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New Texas law benefits military spouses, local workforces

State of Texas capitol

State of Texas capitol. (Contributed photo)

SHEPPARD AIR FORCE BASE, Texas – It’s often said that while the Airman might wear the uniform, families also bear the burden that comes with military service.

That load comes in many forms, and with spouses in particular, that could mean putting a career on hold, creating an obstacle to career progression, personal growth and even a secondary household income as they move from state to state with their active-duty member. For those with a professional license or certification, it becomes a cyclical process of moving, getting recertified or licensed in their profession, going to work, and moving again.

But a new Texas law went into effect Sept. 1, 2019, that provides relief for military spouses with out-of-state professional licenses in fields such as education, medical, real estate, cosmetology and more. The license reciprocity law enables them to get to work shortly after moving to a military installation in the state, something that has been a barrier or hindrance in the past.

The 86th Texas Legislature passed Senate Bill 1200 during its 2019 session, and Gov. Greg Abbott signed the legislation into law in June.

Adrene Wike, a military spouse and Wichita Falls Chamber of Commerce and Industry director of research, said military spouses are often over-educated and underemployed, a result of restarting a career after a permanent-change-of-station move. The new law, she said, is a game changer for military spouses and their families as well as employers and communities.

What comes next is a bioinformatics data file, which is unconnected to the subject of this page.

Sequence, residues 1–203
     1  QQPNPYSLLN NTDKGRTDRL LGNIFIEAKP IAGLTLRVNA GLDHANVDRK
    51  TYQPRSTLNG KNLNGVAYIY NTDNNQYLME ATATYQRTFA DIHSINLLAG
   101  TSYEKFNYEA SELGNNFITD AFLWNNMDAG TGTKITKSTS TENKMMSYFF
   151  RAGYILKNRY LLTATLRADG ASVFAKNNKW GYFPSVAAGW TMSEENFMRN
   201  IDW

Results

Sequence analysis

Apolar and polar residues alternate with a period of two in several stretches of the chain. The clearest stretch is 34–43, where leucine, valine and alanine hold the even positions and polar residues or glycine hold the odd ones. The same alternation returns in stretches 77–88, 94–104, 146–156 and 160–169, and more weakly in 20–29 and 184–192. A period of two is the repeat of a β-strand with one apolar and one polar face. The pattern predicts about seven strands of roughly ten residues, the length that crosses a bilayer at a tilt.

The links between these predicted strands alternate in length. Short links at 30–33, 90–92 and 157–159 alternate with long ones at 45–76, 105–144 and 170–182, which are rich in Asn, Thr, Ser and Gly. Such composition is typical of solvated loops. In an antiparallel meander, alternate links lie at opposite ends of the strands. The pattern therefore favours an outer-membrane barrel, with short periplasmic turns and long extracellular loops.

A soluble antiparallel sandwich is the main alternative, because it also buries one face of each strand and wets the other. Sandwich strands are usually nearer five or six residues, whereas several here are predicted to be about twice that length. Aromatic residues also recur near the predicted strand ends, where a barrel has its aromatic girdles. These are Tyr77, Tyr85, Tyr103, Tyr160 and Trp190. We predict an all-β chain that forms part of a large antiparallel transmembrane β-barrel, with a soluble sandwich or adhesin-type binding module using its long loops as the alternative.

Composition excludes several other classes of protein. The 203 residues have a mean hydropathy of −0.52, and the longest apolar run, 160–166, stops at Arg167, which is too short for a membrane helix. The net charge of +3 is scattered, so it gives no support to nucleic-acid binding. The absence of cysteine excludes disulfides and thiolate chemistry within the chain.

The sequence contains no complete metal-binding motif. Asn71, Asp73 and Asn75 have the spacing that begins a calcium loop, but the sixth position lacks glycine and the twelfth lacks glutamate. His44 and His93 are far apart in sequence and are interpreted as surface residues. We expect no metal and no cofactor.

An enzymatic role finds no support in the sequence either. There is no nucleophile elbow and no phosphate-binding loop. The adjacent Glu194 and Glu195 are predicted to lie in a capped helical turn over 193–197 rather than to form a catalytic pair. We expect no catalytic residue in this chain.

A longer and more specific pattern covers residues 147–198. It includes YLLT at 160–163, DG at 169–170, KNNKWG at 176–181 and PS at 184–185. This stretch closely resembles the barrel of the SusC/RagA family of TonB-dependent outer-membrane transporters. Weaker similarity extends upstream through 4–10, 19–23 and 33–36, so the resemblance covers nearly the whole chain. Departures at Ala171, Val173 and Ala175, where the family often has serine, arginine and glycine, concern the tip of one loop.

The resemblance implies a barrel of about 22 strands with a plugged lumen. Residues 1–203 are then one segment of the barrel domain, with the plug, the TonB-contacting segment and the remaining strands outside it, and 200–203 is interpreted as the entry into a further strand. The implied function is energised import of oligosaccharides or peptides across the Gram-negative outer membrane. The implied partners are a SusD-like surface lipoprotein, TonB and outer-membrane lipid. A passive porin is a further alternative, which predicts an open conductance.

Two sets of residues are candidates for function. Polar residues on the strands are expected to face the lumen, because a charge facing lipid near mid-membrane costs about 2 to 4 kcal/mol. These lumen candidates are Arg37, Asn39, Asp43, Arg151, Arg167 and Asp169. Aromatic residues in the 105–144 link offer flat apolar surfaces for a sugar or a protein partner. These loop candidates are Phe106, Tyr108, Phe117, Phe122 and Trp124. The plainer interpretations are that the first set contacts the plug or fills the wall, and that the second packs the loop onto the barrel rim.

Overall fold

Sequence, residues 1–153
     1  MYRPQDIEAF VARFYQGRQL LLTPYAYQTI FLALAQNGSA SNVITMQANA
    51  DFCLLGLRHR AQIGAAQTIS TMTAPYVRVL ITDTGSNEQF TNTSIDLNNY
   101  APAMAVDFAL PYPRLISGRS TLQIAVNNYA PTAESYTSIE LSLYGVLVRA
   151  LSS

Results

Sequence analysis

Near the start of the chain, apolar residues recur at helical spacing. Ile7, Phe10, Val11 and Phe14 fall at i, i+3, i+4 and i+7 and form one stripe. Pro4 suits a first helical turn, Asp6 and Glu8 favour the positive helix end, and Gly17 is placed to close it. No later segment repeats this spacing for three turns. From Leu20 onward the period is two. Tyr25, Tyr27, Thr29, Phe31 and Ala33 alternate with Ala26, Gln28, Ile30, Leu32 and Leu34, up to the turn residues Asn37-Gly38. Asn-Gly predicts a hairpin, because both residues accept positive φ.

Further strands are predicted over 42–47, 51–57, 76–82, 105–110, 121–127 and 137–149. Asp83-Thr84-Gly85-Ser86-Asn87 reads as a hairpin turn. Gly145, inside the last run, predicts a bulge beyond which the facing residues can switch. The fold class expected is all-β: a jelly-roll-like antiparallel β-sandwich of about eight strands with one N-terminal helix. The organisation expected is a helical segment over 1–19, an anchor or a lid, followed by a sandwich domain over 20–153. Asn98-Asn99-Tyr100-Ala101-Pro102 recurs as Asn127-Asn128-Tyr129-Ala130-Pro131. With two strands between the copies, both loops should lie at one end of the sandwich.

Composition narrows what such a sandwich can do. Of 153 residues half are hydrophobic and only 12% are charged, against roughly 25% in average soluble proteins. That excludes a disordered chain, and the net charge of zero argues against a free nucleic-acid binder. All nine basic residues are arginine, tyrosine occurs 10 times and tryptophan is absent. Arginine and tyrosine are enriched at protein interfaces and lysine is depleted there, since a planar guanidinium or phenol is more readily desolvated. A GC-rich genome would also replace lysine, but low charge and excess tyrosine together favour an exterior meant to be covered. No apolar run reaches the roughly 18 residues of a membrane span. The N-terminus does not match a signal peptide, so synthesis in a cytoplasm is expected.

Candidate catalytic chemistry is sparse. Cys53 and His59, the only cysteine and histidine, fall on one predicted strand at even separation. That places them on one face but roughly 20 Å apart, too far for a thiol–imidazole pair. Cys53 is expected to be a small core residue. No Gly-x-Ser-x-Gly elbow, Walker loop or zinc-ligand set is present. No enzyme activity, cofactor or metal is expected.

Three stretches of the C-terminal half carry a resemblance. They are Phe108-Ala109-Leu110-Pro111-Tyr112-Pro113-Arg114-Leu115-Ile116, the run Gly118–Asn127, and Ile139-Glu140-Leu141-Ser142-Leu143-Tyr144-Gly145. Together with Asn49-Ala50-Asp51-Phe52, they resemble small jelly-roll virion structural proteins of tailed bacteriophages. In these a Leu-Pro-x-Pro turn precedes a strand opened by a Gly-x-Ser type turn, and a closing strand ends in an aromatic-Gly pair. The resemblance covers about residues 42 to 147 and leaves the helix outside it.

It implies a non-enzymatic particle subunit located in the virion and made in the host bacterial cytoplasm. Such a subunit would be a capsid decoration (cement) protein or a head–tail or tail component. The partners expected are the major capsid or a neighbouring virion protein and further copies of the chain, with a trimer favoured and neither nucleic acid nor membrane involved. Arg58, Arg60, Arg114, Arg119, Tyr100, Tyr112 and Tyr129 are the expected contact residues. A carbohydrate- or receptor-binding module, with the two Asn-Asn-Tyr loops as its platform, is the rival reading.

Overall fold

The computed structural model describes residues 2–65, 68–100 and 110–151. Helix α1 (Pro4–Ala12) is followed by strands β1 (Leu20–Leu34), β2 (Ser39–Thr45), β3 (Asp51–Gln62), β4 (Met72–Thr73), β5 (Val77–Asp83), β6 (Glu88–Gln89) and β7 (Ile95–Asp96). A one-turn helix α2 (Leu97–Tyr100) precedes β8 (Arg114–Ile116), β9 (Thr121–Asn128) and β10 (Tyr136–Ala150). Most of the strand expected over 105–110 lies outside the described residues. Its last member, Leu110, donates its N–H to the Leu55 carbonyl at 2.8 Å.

“Overall, for spouses, it’s going to ease some of that anxiety of having to move. It’s going to help the military because there are spouses who encourage their active-duty member to retire or get out wherever they are located so they don’t have the stress of moving,” the Air Force security forces veteran said. “That might not be as much of the case if they know they can pick up and easily find work elsewhere.”

According to the law, spouses must notify the governing state agency of their business or occupation of their intent to practice in Texas, and present proof of residence and a copy of their military ID. The state, in turn, will confirm the spouse’s license with the other jurisdiction and then authorize the spouse to engage in said business or practice.